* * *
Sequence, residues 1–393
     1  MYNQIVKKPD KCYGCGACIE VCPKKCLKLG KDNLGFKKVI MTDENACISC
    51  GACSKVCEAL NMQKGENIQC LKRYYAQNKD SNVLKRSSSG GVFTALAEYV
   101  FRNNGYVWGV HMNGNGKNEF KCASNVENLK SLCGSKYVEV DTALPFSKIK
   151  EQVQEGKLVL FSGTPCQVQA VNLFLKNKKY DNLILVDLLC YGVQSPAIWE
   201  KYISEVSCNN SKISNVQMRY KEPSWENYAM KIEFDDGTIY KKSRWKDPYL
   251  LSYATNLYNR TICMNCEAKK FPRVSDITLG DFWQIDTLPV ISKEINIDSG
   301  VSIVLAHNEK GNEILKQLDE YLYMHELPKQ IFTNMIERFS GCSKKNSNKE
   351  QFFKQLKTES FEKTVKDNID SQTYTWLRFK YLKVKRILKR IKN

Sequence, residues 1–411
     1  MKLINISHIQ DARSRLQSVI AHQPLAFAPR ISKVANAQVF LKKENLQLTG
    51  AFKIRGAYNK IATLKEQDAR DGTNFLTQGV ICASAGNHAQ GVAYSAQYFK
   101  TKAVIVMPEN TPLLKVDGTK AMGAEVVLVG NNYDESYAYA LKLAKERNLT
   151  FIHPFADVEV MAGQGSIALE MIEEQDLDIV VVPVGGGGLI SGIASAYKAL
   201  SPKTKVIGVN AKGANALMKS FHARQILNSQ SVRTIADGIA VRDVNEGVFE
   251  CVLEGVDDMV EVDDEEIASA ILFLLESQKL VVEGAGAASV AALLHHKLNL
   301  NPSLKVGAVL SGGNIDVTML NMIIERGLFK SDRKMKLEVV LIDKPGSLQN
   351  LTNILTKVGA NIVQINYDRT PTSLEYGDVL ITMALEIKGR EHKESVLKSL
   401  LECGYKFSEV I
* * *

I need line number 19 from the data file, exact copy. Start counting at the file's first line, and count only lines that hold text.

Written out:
   401  LECGYKFSEV I